United States Penitentiary Marion (Illinois)

  • The first supermax prison, opened in 1983 after inmate murders of officers
  • Very restrictive conditions led to prisoners being held in permanent lockdown
  • Mostly demolished and downgraded to medium security in 2006

Colorado State Penitentiary

  • Houses infamous prisoners like “Unabomber” Ted Kaczynski and Oklahoma City bomber Terry Nichols
  • Built underground into the side of a mountain for security
  • Houses many prisoners in long-term administrative segregation

Singapore Changi Prison Complex

  • Famous historic former supermax site operated by Singapore Prison Services
  • Housed high-profile criminals in solitary cells with no contact with other inmates
  • Converted to expanded lower security prison space in 2005

Oversight and Reform Efforts

With growing controversies around use of solitary confinement and mental health impacts, there are increasing oversight efforts and reforms being proposed for the use of supermax prisons:

  • Legislation: Some states like New York have passed laws restricting solitary confinement. Federal legislation has been proposed to ban or limit solitary for juveniles, pregnant women, and mentally ill in federal prisons.
  • Lawsuits: Class action lawsuits have challenged mental health impacts and cruel/unusual punishment of solitary confinement in supermaxes. Settlements forced states like California to restrict segregated housing.
  • Independent oversight committees: Some prison agencies have established oversight committees with outside experts and public stakeholders to review supermax policies and conditions.
  • United Nations standards: UN special rapporteurs on torture and other human rights groups have condemned long periods of solitary confinement as torture.
  • Alternatives: Some states are trying alternatives to supermax isolation, like incentive programs, counseling, transitional units and more out-of-cell time with other inmates.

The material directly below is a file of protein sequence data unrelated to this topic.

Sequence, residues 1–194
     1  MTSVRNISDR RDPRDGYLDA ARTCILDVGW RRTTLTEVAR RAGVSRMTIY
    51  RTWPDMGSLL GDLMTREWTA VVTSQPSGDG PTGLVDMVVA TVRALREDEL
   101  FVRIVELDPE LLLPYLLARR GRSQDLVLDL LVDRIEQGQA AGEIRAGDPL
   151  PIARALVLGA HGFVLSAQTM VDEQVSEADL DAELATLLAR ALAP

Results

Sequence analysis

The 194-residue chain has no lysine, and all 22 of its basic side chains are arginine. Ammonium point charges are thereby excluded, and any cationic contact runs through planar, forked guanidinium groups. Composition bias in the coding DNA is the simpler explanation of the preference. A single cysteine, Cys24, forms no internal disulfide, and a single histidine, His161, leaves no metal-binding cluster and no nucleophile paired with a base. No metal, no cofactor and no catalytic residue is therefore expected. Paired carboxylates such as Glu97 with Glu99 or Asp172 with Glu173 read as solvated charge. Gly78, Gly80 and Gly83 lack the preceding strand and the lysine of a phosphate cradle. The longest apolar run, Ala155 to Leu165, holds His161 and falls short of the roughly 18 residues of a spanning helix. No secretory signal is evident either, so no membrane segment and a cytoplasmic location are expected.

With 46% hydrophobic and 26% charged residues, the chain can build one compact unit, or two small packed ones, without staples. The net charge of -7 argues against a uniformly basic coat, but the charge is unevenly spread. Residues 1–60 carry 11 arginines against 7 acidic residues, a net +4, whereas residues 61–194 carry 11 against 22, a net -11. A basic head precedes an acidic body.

YearNumber of Supermax Facilities


Supermax prisons housing the most dangerous prisoners have proliferated since the 1980s as states look for ways to increase inmate control and safety. Estimates place the current number of supermaxes at 130-150 nationwide. But these facilities are not without criticism, especially the extensive use of solitary confinement and lack of programs. Oversight and reforms seek to improve supermax conditions while still keeping high-risk inmates separate from the general prison population. The debate around the use and conditions in supermax prisons will likely continue in coming years.

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Related Questions:

Where are supermax prisons located?

Supermax prisons are located across the United States, with at least one supermax facility located in most states. States with the most supermaxes include California, Florida, Texas, New York, and the federal bureau of prisons. High-profile supermaxes like ADX Florence in Colorado and Pelican Bay in California house some of the highest-risk prisoners. Smaller states may have only one supermax facility. Geographic location is less relevant than having extremely secure design and facilities for solitary confinement of dangerous inmates.